The State of the Planet: water crises everywhere

Newsflashes from around the planet picture the impact of the climate crisis as a diverse series of water crises.

In my previous newsletter, I sent a video message about water as an essential focus in any sustainable development policy. There is no development without water since there is no life without water; our body can't survive more than a few days without it. We also need water for practically all of our products, including most energy and food.

Unfortunately, many people in the developed world take fresh water for granted and are not aware that water is a human right. In 2010, the United Nations General Assembly explicitly recognized the human right to water and sanitation. It acknowledged that clean drinking water and sanitation are essential to the realization of all human rights.

We all learned at school that the ocean covers 71 percent of the earth's surface and that our planet is easily recognizable from space as the blue marble, but most of the water is in the ocean or frozen in the ice shields and glaciers. So if you could put all the world's liquid freshwater, including the Amazon River, Lake Michigan, and your local fish pond, in a giant round balloon, it would have a diameter of only 55 kilometers (34 miles).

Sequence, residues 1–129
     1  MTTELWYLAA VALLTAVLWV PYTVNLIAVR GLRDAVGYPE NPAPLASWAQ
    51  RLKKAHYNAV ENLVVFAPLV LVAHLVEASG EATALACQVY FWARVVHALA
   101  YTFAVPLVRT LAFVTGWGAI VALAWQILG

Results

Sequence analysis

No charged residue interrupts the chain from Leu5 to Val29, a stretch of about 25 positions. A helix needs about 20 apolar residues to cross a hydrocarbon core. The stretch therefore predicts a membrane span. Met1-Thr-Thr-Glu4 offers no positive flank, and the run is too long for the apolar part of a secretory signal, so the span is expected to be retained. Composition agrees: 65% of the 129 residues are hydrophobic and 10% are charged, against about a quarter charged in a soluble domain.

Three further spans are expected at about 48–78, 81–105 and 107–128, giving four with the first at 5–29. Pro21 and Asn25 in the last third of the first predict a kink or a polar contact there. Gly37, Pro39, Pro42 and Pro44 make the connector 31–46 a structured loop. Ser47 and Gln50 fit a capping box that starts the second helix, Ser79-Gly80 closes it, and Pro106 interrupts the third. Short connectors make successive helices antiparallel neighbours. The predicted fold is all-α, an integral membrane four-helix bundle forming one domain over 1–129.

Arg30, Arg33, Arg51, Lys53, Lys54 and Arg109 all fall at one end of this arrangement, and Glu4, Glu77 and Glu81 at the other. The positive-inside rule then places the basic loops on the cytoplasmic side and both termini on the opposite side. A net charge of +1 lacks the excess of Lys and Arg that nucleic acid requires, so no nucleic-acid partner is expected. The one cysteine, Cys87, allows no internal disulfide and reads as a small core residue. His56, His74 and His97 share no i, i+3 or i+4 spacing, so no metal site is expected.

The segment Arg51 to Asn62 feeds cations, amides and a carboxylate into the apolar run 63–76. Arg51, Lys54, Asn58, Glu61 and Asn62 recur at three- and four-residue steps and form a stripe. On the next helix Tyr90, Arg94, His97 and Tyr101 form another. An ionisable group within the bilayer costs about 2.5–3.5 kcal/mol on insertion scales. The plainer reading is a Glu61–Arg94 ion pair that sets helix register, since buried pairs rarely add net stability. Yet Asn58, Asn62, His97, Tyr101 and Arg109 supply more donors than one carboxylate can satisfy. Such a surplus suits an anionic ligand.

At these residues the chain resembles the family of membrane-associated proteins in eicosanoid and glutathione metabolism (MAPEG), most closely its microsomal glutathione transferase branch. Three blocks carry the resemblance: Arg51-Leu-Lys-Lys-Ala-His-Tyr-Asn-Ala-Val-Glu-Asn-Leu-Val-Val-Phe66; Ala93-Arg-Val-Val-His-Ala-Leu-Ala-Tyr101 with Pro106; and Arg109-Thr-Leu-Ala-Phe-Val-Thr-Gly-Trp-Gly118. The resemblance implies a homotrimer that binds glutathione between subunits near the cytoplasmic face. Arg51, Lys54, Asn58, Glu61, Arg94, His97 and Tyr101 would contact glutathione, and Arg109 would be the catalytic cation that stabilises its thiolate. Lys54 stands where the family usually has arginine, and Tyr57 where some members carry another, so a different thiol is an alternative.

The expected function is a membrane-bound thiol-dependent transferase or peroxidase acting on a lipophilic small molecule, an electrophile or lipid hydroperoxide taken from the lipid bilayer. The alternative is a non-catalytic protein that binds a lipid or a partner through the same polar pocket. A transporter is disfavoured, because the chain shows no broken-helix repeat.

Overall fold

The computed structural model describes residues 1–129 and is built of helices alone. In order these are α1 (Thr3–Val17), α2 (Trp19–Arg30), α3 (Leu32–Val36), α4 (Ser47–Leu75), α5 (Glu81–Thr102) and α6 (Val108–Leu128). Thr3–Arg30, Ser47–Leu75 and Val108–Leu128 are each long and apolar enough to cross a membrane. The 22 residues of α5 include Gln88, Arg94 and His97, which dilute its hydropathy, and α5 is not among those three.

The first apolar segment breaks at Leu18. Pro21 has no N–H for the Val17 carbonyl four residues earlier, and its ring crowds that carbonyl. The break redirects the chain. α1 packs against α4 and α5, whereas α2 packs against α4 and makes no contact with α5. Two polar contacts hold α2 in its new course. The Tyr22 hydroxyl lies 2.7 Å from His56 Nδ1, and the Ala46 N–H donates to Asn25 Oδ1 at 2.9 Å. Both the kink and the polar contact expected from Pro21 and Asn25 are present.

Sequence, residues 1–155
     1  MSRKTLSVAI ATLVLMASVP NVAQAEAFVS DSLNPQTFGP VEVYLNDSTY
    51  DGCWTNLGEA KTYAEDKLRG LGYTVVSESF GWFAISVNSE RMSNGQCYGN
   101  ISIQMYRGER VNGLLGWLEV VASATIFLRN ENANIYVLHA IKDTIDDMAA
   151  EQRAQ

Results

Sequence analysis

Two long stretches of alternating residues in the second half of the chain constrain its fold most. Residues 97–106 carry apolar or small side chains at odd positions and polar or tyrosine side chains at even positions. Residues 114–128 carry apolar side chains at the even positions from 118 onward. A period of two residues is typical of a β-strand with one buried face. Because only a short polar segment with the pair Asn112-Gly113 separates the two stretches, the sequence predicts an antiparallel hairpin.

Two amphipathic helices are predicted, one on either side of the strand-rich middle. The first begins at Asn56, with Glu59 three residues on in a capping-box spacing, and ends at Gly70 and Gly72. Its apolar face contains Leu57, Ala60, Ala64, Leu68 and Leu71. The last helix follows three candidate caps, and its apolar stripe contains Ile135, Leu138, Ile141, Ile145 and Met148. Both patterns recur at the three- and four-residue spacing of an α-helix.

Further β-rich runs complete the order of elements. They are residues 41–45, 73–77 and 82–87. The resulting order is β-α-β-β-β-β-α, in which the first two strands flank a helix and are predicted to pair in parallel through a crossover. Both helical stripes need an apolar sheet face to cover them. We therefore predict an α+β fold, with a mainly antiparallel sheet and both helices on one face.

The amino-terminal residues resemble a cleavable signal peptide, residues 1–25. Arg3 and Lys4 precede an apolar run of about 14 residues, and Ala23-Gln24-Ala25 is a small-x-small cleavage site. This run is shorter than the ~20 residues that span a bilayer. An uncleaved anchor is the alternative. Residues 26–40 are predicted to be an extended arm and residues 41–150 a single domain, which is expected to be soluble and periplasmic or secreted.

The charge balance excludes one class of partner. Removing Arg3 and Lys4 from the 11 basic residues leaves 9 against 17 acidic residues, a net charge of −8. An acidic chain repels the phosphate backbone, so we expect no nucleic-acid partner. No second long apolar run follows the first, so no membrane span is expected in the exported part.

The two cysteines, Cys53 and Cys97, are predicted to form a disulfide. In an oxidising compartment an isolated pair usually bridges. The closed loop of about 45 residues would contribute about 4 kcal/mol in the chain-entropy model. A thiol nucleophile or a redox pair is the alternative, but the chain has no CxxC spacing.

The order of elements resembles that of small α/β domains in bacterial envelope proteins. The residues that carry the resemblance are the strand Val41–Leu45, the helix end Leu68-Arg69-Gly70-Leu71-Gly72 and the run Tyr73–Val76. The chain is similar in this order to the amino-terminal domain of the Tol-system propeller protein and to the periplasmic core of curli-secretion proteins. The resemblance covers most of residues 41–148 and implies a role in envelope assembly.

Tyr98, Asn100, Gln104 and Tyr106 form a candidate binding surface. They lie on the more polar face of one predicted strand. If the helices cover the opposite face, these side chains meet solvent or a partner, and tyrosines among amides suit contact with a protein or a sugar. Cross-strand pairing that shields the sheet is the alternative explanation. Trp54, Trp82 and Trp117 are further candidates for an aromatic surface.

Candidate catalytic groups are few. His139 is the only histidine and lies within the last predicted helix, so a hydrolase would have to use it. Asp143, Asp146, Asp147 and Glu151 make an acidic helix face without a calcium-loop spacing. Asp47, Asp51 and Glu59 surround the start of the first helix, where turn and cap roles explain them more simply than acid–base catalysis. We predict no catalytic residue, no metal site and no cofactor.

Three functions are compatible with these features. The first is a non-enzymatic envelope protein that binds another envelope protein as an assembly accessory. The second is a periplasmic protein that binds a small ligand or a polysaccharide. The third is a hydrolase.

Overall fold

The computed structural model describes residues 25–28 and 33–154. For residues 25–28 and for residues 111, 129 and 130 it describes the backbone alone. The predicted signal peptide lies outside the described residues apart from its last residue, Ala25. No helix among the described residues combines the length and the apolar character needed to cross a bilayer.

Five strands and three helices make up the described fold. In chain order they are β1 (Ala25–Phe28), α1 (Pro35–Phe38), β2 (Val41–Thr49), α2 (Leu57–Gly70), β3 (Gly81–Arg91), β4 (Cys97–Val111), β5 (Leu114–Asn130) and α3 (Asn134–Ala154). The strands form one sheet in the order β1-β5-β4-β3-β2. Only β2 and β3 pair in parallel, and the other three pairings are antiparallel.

Sustainable water policies

That makes water a limited resource. Therefore, we need sustainable policies to avoid depleting or polluting our water resources while ensuring everyone has enough clean water. This vast 55 kilometers imaginary balloon contains enough water for all of us. However, that is not the case; like food, energy, healthcare, money, and other essential ingredients for a good life, there is no equal access.

If there would be an annual 'State of the Planet' speech like national presidents like to do, key topics should not only include the climate crisis or the loss of nature; inequality should be addressed as well.

Water problems all over the planet

This morning, the news from around the planet reminded us of the importance of water against a background of the climate crisis, biodiversity loss, and inequality.

In India, more than 20 percent of the land area is facing drought-like conditions. That is a considerable change compared to last year around this time when it was less than 8 percent. For example, Gujarat has so far this year seen a rainfall deficit of 48 percent. The failed monsoon and uneven distribution of rain are among the primary drivers behind the current situation.

Food crisis in Madagascar

In southern Madagascar, four consecutive years of drought have wiped out harvests and cut off people's access to food. As a result, more than a million people in the southern part of the island are food insecure. Experts predict that the crisis will drastically worsen now that the lean season starts, the time of year when food stocks run low.